A few weeks ago I met a couple of Olympic sailors. I was on a leadership course and they were invited to share their perspectives on high-performing teams. They spoke about the importance of setting a clear long-term goal – in their case to go to the Olympics with the best chance to win the gold medal – about how all their efforts, training and continuous feedback are designed with this in mind, and how all members of the team are striving for that goal, whether they are planning to travel to Tokyo in 2020 or not.
I’m also reminded of the story of the NASA caretaker who was asked by President Kennedy in 1962 during a visit to the space centre: "What are you doing?" "Well Mr President," responded the caretaker, "I’m helping to put a man on the moon." Successful teams set clear goals that all can feel part of, no matter what their responsibilities are.
There are many ways to translate this mindset into the charity sector. Charities arguably have an easier job than companies in expressing their aspirations and goals: I suspect that, for most, curing cancer would be more of a motivation than making a better widget. However, I want to focus on high-performing charity investment committees and how a clear goal with clarity about expectations can help trustees and investment committees function more effectively.
The best charity investment committees I work with are absolutely clear why they are investing their assets. They know the role that the assets play in their balance sheet and aspirations, whether solely financial or incorporating social outcomes. These goals are translated into measurable investment objectives and, because they are long-term investors, are often expressed over decades, if not centuries. They communicate these objectives and goals to stakeholders, beneficiaries, executives, donors and partners, including investment managers. Discussions are strategic and decisions made intentionally. Expectations are realistic and oscillations in market values are expected.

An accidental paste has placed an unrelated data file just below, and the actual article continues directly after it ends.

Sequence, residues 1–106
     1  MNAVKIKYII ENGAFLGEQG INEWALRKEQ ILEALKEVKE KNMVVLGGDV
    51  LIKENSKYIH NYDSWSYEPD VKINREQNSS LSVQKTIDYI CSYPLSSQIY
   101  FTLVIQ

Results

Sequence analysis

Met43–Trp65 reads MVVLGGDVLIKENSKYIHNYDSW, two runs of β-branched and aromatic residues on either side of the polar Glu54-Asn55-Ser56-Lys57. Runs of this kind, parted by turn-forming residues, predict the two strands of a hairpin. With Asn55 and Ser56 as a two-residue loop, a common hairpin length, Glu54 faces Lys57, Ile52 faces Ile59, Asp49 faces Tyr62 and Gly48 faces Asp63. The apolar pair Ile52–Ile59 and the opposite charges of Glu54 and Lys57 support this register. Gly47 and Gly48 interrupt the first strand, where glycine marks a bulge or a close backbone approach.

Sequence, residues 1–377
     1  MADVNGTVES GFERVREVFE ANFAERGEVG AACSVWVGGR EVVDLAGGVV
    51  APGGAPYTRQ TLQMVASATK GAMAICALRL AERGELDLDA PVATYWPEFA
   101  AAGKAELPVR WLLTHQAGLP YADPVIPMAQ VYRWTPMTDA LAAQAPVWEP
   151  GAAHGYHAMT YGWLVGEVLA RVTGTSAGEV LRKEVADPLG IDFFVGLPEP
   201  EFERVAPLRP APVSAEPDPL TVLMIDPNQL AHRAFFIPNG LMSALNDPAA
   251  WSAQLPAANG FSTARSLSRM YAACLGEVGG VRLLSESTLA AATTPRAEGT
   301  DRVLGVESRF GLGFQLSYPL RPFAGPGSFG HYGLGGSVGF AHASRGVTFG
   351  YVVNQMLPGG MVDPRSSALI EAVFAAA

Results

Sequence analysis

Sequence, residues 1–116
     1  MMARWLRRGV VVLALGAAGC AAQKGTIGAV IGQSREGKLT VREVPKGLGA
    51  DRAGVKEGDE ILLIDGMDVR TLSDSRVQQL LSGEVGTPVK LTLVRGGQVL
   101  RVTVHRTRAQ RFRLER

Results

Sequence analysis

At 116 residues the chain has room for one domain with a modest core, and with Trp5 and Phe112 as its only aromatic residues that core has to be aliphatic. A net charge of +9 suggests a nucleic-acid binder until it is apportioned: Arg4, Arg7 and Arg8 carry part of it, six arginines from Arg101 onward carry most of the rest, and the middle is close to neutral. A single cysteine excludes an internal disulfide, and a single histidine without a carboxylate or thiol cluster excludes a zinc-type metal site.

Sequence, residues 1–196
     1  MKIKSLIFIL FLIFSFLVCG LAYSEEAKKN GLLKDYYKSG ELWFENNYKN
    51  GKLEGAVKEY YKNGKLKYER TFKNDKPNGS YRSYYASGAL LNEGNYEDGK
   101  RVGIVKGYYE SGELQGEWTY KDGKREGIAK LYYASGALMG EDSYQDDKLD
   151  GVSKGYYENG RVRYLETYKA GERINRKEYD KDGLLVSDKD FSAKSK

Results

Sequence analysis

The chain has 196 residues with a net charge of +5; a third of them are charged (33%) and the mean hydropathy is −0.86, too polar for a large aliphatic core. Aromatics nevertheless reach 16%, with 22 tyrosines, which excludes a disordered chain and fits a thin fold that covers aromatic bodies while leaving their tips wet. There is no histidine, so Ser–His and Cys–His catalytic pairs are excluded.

In fact, these investment committees sometimes welcome market falls, so they can buy investments at more attractive prices. Clarity about both the objective and the time horizon allows these high-performing investment committees to focus on their long-term strategies, without being distracted by the noise of short-term market fluctuations.
Of course this is easier said than done, particularly when faced with what appear significant shifts in the political and economic landscape. But even those who forecast Brexit and a Trump presidency have probably been surprised by the scale of the positive market reaction, which only goes to highlight the potential futility in forecasting short-term binary outcomes. Successful charity investors are more strategic than that. To use a sailing metaphor, high-performing charity investment committees set their strategic courses, trim their sails to optimise their capture of the wind and ride out the inevitable waves.
Kate Rogers is head of policy at Cazenove Charities